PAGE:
- The odds ratio closely approximates the relative risk if the disease is rare.
- Odds ratio and the relative risk are used to assess the strength of association between risk factor and outcome.
- Attributable risk is used to make risk-based decisions for individuals.
- Population-attributable risk measures are used to form public health decisions (Nordness, 2006).
In addition, the APN must consider the possibility that home testing, for a variety of genetic conditions, is available. Due to easy access on the Internet, patients may present the APN with results from home testing that they do not understand, and with no concept of the implications of validity and reliability (Wolfberg, 2006).
The APN has a responsibility in the role of genetic counselor to patients. Of course, the interdisciplinary aspect of providing optimal healthcare must also be considered. Referrals to a genetic counselor may be appropriate. However, the APN must be willing to carry out the competencies as described previously, such as informing the patient of the importance of accruing accurate, detailed information about their family history. In 2004, a survey indicated that 96% of people felt that family history was important to their health but less than 30% actually had relevant family history to share (Awareness of family health history as a risk factor for disease–United States, 2004). The healthcare provider must recognize that all aspects of elucidating, teaching, counseling, and supporting need to be done considering the patients’ cultural context. Cultural aspects can influence comprehension and interpretation of genetic testing, treatments, and implications (Hamilton & Bowers, 2007).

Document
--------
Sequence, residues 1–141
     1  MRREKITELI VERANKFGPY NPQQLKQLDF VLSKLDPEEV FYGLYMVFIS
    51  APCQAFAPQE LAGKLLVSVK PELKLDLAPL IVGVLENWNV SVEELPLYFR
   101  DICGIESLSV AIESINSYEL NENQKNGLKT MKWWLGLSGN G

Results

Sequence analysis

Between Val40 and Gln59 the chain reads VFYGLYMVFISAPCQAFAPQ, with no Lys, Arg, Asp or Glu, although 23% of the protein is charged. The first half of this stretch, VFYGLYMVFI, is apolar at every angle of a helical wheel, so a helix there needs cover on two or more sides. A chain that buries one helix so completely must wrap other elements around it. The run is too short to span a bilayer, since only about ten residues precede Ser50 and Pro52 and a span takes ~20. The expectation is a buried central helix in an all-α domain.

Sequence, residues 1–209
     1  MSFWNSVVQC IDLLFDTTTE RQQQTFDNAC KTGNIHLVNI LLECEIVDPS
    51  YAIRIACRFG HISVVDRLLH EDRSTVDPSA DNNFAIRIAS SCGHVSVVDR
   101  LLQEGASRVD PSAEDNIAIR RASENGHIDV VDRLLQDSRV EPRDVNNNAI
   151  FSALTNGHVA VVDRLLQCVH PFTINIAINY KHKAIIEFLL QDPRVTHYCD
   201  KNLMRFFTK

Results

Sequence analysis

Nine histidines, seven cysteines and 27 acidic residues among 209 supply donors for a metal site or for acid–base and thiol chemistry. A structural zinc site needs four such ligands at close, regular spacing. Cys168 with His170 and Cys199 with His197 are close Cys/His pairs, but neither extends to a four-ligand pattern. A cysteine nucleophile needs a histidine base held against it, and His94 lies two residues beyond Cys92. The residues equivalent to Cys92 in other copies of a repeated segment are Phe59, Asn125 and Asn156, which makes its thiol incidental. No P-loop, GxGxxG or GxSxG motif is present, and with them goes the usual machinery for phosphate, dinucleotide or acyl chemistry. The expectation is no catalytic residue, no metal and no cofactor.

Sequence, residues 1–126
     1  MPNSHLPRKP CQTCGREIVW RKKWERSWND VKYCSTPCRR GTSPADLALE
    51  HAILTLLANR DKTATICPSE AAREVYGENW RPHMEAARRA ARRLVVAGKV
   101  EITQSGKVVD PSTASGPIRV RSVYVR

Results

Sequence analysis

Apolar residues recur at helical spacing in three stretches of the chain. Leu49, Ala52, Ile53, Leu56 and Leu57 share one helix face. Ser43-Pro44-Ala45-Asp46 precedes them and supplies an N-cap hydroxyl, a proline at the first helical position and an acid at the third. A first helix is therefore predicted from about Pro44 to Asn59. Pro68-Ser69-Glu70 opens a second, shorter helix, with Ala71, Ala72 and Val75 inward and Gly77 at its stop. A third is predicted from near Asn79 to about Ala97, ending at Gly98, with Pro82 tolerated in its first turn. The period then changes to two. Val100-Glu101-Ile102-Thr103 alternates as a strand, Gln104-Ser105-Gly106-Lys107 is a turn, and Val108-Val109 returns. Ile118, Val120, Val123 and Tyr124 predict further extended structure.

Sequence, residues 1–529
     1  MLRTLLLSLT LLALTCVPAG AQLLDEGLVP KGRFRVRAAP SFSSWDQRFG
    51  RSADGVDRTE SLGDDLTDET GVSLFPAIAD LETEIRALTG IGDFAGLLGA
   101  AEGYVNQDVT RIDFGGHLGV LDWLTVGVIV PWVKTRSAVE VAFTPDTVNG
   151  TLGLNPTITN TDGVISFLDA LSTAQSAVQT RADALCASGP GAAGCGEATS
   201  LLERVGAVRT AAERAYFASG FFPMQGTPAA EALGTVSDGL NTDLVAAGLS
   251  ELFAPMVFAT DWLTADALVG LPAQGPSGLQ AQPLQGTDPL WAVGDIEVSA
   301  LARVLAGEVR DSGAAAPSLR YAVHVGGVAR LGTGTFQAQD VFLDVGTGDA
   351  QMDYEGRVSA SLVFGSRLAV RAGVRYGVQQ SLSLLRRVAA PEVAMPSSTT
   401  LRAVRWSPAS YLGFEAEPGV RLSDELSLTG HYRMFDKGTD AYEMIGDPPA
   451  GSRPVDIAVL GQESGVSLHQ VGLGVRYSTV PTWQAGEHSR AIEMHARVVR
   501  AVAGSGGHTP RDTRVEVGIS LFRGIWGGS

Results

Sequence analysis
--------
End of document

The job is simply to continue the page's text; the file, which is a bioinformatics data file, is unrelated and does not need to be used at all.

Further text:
One of the additional responsibilities when possessing prescriptive authority is the necessity of having a thorough knowledge of pharmacogenomics. It has been acknowledged that the effect of medications has a range of therapeutic and nontherapeutic responses. Age, weight, ethnic background, and physiologic impairments associated with disease processes were often concomitant with these variations. Due to the recent genomic research, it is now acknowledged that genetic variations can affect mediation efficacy, toxicity, and drug interaction outside of the drugs themselves (National Institute of Health, 2009). Certainly the specifics and implications of these variations will be discussed, in detail, in pharmacology.